Critical Question: Does the product work? Do we have the ability to manufacture and market this product profitably?
If no is the response to either question, you will need to prepare for added expenses as you hire outside assistance, modify the product or develop a more suitable offering.

Step 6: Test the Product

Roll up your sleeves and get going! Manufacture a small quantity of your new product and put it in a test market. Your company should use the same marketing, selling, pricing and distribution tactics it plans to use in larger markets. This is the time to check volume potential, marketing effectiveness and customer perceptions.

Critical Question: Do the test market results indicate satisfactory market potential and customer acceptance?
If you feel the results are unacceptable, abandon or redevelop the product.

Step 7: Commercialize the Product

If your answer to each of the critical questions has been a resounding YES, you are ready to roll your product into an introductory market. Go for it! Start selling!

Critical Question: Are sales results satisfactory?
A no answer here means that you may need to modify your commercialization program or abandon the project. If the product still appears to have potential, it may be time to refine marketing strategies. Objective external assistance may help you modify your marketing program.

Although the success rates for new products are low, using these steps may help your company increase the odds of success by identifying a new product with good profit potential before you invest significant company resources.

Critical question: How can you tell you are finally in love with the proper product? Count your profits, of course.

Recommending Amazon Products on Squidoo

There are many ways to make money using Squidoo. A favorite way for many people is to recommend products for sale on Amazon which are related to your subject or niche. For example, if you have a lens built around Luke Skywalker from Star Wars, you can feature Skywalker action figures available for sale on Amazon. If you choose to use the Amazon modules on Squidoo, then you will most likely make 4.25% in commissions on your sale because Squidoo usually lands in the highest bracket for affiliate commissions on Amazon which is 8.5% on general products.

Many people like to use their own affiliate links for recommending available Amazon products, but once Squidoo axed the use of the Iframe, using your own affiliate links went the way of the dinosaurs. Squidutils.com then came along and added the ability to make your own links using their Amazon link building service. To use this service, you have to give up every 10th click on your affiliate link to Squidutils. It really isn’t a bad deal, but some commissions from your lens can be lost this way.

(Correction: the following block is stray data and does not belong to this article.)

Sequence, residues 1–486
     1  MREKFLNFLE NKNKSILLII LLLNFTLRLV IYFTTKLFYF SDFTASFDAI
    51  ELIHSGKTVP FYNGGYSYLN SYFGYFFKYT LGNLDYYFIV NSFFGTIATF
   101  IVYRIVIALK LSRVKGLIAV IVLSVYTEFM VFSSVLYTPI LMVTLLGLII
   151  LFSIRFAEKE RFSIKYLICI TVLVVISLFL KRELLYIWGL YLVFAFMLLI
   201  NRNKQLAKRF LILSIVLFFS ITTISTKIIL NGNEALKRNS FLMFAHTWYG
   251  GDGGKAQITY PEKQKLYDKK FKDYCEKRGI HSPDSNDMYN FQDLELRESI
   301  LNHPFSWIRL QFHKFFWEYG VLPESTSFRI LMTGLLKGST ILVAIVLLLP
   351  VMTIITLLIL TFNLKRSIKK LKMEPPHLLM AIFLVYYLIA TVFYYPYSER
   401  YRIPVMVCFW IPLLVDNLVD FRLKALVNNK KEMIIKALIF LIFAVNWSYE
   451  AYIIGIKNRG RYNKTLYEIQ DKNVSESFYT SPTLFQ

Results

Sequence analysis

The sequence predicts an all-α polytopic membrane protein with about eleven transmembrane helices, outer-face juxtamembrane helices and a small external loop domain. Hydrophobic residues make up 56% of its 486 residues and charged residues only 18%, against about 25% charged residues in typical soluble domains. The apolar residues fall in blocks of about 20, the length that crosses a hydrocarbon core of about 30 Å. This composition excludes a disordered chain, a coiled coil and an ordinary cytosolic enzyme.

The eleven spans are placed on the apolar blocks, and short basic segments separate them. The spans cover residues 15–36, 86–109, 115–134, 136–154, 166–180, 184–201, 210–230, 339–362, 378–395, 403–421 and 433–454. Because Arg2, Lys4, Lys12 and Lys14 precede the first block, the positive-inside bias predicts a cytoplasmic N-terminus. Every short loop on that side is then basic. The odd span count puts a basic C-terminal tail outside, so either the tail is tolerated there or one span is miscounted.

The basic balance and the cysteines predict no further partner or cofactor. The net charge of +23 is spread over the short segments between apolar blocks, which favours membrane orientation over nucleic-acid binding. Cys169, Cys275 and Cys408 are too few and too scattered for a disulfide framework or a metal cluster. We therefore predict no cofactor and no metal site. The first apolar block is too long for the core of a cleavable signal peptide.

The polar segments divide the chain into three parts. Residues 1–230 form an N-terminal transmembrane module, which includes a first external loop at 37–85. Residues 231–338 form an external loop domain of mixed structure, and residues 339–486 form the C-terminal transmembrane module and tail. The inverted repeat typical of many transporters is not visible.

You can now set up your own Amazon RSS feeds for Squidoo with a small amount of work on the front end. You will first need to set up a generic Storestacker website which is real simple. Then you need to add a category to your site for the type of product you would like to feature. Once this is done, generate an RSS feed from your category, copy and paste it into the RSS module on your Squidoo lens.

The feeds produced by Storestacker and not as pretty as those generated at Squidutils; there has to be a way to make them look better and you can be sure that I will be searching for the solution.

General Mills Tackles Social Media – How Social Media Helps Market Products

The term “social media” has caught the internet, news media and other networks by storm over the last few years. What exactly is it? Social media started out as a way for people to connect with their friends, family and other people on the Internet in one central place. Websites such as Facebook, MySpace and Twitter give people the opportunity to share information, photos, news and other things with the people that they know. After only a short period of time, businesses realized that they could use social media as well to market products, services, websites or other relevant information. These days, you can find just about any large company, small business, news outlet and other media companies using social media and social networking to market their company, products or services. One of these such companies is General Mills and how they use it really goes to show how effective it can be.

Recently, General Mills rolled out a line of cookie, brownie and cake mixes that are gluten free. Food products that are gluten free are said to be healthier because some people have food allergies or sensitivities to products that contain gluten. Gluten is composed with different grains and some people cannot tolerate them. Since General Mills had this product that they wanted to market to people who were looking for gluten free cookie, cake and brownie mixes, they needed a way to get the word out fast. In order to spread the work quickly and effectively, they turned to social media.